Last week, the Journal of the American Medical Association (JAMA) published a large and well-designed study of a post-hospital readmission reduction program called the “virtual ward,” which grew up in the UK and was tested by our cousins to the north in Toronto.
The model partakes of some elements of other evidence-based work done by John A. Hartford Foundation grantees, including Mary Naylor’s Transitional Care Model, the Society of Hospital Medicine’s Project BOOST, and Eric Coleman’s Care Transitions Intervention.
A press release and JAMA Report video are available for those who don’t subscribe to JAMA.
Kathryn Dineen Wriston, right, with her beloved husband Walter B. Wriston, circa early 1990s. (Photo A)
Kathy Wriston was an elegant and accomplished woman whose delightful sense of humor and natural openness drew others to her—and to the causes she passionately supported. She will be sorely missed.
Her death at age 75 on Sept. 28, 2014 due to complications from a fall at her home in Sherman, CT, came as a shock to all of us who were fortunate enough to know Kathy, and leaves us with a profound sense of loss.
I think it would be safe to say that most of us have trouble facing our own mortality. The idea that tomorrow isn’t promised fails to get many of us to actually live that way (I know I’m guilty).
Longer term and more connected to the John A. Hartford Foundation’s work, we don’t like to think of ourselves as “old”—let alone dying—and we don’t plan well for futures that will likely include the need for long-term care or services later in life.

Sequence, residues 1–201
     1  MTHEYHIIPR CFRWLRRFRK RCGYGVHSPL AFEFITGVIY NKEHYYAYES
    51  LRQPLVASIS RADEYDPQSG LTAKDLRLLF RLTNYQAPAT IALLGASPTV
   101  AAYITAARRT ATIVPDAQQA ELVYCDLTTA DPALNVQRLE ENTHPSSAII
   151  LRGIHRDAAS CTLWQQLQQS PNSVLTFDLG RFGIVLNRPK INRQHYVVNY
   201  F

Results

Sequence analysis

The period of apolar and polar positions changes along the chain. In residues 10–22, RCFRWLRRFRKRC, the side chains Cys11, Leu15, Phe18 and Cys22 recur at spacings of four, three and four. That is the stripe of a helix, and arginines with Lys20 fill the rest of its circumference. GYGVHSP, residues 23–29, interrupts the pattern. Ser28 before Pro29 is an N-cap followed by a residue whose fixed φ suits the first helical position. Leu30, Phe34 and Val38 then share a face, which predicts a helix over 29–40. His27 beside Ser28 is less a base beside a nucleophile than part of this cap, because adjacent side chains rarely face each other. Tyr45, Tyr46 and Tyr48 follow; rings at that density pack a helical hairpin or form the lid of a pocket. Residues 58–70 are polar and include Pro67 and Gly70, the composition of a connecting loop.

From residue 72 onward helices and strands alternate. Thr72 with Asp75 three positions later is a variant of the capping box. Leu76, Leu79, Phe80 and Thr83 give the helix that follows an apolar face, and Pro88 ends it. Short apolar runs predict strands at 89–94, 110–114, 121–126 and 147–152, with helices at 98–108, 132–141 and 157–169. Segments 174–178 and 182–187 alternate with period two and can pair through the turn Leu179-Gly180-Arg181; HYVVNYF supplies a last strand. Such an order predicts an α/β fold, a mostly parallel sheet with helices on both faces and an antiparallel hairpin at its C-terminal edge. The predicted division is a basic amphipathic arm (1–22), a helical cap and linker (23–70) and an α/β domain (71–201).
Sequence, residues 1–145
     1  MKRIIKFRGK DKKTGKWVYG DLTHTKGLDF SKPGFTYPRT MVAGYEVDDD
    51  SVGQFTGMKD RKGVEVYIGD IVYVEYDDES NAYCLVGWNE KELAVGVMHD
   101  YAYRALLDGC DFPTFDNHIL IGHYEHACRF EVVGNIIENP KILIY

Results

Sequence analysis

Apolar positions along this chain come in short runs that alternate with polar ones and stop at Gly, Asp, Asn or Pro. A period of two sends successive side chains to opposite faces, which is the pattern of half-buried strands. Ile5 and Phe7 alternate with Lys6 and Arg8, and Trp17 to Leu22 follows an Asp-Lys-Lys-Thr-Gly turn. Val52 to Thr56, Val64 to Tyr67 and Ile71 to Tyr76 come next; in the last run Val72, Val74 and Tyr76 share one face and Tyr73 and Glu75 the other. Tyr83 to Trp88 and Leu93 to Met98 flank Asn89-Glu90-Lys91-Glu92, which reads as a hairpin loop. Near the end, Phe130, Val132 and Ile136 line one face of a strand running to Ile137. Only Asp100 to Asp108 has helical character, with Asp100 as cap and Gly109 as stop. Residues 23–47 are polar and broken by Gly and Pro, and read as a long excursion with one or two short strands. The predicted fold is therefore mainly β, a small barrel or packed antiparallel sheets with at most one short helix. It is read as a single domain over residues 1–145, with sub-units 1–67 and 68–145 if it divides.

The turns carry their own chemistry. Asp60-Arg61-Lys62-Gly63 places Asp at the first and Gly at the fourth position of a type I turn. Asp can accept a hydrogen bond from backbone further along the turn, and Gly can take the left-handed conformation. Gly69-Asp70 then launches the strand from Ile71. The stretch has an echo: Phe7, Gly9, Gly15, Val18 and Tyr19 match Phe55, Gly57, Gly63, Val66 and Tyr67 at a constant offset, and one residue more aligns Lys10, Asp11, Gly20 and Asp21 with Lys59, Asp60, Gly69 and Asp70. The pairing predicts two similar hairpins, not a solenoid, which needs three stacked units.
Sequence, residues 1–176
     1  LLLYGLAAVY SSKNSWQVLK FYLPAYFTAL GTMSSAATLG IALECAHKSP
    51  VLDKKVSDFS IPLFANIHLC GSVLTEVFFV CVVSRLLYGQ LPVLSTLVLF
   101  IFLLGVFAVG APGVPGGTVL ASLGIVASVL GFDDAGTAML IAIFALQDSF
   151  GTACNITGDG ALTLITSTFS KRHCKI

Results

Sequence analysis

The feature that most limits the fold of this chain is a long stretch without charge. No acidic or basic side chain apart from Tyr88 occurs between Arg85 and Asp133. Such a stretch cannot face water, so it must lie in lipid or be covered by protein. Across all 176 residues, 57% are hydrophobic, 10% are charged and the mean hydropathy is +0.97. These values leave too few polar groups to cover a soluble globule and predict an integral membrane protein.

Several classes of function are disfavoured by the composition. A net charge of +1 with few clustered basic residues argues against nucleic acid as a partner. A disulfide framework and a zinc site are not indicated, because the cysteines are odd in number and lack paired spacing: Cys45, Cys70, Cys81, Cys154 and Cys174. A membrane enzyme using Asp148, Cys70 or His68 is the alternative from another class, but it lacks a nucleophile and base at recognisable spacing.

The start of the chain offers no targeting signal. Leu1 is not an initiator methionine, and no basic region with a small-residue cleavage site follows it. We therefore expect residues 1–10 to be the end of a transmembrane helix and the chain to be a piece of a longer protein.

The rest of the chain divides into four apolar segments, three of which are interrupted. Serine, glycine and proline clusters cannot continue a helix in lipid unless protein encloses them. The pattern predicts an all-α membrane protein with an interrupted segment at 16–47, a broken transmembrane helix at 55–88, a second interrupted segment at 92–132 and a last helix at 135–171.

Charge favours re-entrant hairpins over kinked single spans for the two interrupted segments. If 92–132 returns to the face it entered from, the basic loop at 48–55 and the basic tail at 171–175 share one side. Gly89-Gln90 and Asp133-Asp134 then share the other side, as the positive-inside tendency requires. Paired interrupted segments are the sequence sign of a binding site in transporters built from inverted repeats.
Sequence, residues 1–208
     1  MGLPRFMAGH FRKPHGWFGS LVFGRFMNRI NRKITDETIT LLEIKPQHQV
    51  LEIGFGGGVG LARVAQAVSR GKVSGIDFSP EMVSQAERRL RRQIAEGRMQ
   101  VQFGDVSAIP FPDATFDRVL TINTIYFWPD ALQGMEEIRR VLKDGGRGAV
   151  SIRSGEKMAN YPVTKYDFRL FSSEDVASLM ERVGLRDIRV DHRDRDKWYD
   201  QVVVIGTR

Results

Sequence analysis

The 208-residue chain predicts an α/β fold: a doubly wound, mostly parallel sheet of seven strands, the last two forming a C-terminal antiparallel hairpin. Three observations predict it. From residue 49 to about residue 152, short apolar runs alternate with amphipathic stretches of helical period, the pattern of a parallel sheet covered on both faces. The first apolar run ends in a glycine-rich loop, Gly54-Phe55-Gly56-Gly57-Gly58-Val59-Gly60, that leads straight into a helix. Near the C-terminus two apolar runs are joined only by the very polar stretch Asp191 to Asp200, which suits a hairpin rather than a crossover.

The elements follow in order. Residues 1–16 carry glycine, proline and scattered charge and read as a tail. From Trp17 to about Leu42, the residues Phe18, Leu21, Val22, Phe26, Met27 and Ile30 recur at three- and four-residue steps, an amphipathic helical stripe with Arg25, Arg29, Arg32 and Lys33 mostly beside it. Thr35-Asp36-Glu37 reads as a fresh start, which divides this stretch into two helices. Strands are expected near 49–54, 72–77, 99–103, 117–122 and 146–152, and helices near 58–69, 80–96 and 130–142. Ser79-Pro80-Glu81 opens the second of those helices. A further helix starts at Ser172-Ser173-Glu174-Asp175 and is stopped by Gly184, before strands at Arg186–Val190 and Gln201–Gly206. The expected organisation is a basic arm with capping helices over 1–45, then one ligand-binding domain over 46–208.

Our health care system and policies reflect this short sightedness, as well. That’s why it’s been refreshing to see some provocative writing about these issues over the past few weeks that might help us all think and do more to live our final years in old age the way we would want.
Last week, the Institute of Medicine released a new report titled Dying in America.
The committee that worked on the report included some long-time grantees and friends of the John A. Hartford Foundation, such as June Simmons of the Partners in Care Foundation, Jean Kutner, a Beeson Scholar and faculty member at the University of Colorado, Diane Meier, leader of the Center to Advance Palliative Care, Patricia Bomba of Rochester, NY’s Excellus Blue Cross/Blue Shield, and Joan Teno of the Center of Excellence in Geriatric Medicine at Brown University.
As always, we are proud to be associated with leaders who give their time to explore such urgent issues.
Hartford Trustees Kathryn D. Wriston, left, and Lile R. Gibbons, at a recent reception honoring them as personal supporters of the MSTAR program.
Over the past 20 years, the Medical Student Training in Aging Research (MSTAR) program—a summer internship that draws physicians-in-training into the field of geriatrics and aging research—has supported more than 2,000 medical students.
We celebrated the program’s 20th anniversary and its remarkable record last week with a reception honoring John A. Hartford Foundation Trustees and other individuals who have personally donated to the sustainability of this initiative, administered by the American Federation for Aging Research (AFAR).